You can now find the full show notes of the Crossing Borders podcast on LatamList.com’s new podcast section. I’ll still post the audio of the podcast on my blog and I’m planning to start writing more again on my blog, like I used to.
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Thanks for listening to Crossing Borders all these years! If you have any feedback or questions, please feel free to reach out here, or contact me on social media.
Outline of this episode:
- [01:20] – About Belo
- [01:59] – What does inflation look like in Latin America versus the U.S.?
- [04:30] – Manuel’s background
- [06:00] – Previous ventures before Belo
- [10:27] – Why is bitcoin popular in Argentina?
- [13:25] – Why Manuel started Belo instead of anything else
- [16:30] – How clients use Belo
- [19:43] – How will Belo’s use cases and products evolve?
- [23:11] – Misunderstandings of crypto and Web3
- [25:56] – Book recommendations
- [26:45] – Advice to younger self
- [28:20] – What’s next for Belo
Shownotes on Latamlist.com
In the US, most people gloss over payment processing because almost everyone has a credit card, Paypal account, or another simple way to pay. Developers use Stripe and can process in seconds. For consumers, Amazon even created one-click purchasing for some customers and physical buttons that automatically reorder your favorite products.
In China, paying is even easier; almost everyone uses Wechat or Alipay to scan QR codes and pay for everything automatically without ever taking out their wallet.
Startups have filled almost every niche in the payments industry, providing solutions for any vendor. Need to pay someone for something you bought in an online shop? PayPal can help. Setting up online payments for your business? Try Stripe. Want to compensate your roommate for your half of the gas bill? Venmo can help you do that.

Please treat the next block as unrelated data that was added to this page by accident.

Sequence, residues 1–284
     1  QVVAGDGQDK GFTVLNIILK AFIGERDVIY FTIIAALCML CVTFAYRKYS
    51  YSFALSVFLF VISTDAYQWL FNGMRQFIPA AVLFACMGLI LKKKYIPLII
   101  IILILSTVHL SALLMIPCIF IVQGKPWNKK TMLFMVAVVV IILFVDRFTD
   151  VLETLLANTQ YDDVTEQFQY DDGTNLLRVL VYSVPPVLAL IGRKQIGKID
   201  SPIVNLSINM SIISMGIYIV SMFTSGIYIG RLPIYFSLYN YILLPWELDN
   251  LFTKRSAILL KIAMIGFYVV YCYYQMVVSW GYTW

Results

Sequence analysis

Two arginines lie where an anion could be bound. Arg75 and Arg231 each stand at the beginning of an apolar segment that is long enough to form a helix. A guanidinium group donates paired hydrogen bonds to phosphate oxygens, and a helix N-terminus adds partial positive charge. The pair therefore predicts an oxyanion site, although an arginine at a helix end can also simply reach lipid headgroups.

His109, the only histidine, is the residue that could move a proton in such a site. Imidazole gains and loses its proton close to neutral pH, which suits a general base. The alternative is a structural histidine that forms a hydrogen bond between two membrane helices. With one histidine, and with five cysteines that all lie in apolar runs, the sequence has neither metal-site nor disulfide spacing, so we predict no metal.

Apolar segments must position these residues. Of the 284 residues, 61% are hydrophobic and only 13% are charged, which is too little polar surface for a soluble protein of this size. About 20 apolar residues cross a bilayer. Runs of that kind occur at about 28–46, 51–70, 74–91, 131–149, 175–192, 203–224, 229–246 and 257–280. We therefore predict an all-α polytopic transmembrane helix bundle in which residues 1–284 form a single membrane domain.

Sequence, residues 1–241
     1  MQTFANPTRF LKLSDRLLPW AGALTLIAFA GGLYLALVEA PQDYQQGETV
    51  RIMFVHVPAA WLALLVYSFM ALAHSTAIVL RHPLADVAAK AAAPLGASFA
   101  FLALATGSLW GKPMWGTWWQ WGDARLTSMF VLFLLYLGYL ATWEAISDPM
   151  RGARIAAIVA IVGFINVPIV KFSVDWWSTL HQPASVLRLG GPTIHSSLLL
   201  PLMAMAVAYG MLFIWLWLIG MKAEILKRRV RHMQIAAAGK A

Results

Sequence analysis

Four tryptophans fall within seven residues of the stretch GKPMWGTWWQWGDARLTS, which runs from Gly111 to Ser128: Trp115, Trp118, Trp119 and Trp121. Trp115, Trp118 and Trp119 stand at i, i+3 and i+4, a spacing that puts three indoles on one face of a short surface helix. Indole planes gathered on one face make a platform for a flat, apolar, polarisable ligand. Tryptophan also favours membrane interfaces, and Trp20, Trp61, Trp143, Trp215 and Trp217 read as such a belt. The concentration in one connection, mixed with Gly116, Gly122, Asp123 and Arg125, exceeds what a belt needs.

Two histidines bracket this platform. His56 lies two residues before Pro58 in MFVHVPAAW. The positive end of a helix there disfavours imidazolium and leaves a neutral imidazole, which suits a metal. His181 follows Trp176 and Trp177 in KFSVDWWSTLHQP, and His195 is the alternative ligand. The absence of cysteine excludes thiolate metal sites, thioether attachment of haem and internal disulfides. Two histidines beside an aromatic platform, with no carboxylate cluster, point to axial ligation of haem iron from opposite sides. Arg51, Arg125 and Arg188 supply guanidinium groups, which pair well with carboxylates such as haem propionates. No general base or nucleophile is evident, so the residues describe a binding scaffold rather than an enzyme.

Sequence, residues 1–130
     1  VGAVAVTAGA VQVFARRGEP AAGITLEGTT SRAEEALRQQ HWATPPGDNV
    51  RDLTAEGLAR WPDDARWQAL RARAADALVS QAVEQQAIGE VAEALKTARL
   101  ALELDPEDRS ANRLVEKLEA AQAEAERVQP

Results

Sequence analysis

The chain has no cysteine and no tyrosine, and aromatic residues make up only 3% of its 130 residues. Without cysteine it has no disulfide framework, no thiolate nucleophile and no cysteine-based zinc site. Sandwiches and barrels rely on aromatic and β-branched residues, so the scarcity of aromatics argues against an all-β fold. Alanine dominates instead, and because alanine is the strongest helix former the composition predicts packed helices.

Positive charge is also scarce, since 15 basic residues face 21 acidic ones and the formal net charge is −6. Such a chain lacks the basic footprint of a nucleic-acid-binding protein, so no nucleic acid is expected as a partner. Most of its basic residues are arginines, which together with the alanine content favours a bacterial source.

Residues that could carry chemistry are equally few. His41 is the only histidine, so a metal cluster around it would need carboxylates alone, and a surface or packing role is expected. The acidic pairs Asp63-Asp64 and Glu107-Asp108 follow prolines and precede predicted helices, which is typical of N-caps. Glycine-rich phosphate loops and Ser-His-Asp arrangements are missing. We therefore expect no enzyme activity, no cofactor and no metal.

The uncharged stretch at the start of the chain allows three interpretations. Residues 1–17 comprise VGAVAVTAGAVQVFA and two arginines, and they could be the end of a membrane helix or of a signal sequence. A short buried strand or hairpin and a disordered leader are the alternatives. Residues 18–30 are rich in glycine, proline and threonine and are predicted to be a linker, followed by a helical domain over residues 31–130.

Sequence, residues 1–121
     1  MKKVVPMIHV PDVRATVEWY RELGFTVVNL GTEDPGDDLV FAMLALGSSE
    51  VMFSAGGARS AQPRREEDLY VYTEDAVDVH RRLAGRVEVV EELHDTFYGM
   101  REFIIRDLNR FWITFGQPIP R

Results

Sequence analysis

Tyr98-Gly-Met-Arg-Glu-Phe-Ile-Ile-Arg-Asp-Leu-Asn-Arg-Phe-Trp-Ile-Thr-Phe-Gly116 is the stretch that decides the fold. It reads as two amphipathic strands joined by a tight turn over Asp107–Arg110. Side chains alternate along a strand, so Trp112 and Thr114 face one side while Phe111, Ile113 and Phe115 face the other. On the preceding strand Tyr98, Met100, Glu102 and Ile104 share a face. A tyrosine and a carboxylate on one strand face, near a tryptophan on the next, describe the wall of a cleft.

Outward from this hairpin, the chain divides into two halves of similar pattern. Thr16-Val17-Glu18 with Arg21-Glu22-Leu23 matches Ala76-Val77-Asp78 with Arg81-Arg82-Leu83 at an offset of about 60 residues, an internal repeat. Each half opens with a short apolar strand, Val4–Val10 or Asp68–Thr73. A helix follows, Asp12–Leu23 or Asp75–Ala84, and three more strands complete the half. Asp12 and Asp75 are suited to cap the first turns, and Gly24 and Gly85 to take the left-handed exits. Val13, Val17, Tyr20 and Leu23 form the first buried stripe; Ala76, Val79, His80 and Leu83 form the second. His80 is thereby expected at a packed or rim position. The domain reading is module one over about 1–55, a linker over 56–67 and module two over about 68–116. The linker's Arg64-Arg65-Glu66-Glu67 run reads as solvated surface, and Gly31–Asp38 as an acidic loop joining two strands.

We tend to take these solutions, as well as more traditional payment systems such as credit cards, for granted in the US. Only 6.5% of households in the US don’t have a bank account, although 18.7% of households are considered underbanked. If someone in the US wants to sign up for a Netflix account or buy a t-shirt online, they enter their credit or debit card information, and that’s it.
In Latin America, completing an online transaction is not so simple.
Blockchain and cryptocurrency initiatives in Brazil are a double-edged sword. While startups and government agencies work to implement blockchain technologies to increase compliance and reduce corruption, Brazil’s 35th President, Lula da Silva, is on his way to prison in part for a Bitcoin-based money-laundering scandal.
Brazil, like the rest of the G20, sees cryptocurrencies as assets rather than legal tender. However, one of São Paulo’s most prestigious universities debuted a Cryptocurrencies Masters’ program this year, so it is unclear where Brazil will land on this contentious debate. What’s more, Brazil’s private and public sectors are rapidly adopting blockchain technology to manage the political and economic challenges of a population of 210 million people.
Here are some of the ways governments and businesses are implementing blockchain and cryptocurrencies in Brazil.
Blockchain and the Brazilian government
The Brazilian government already uses blockchain in a variety of ways for their operations. Two of the most prominent initiatives include a way to regulate land titles in the Amazon as well as a management system for Brazil’s ‘popular petition’ electoral process.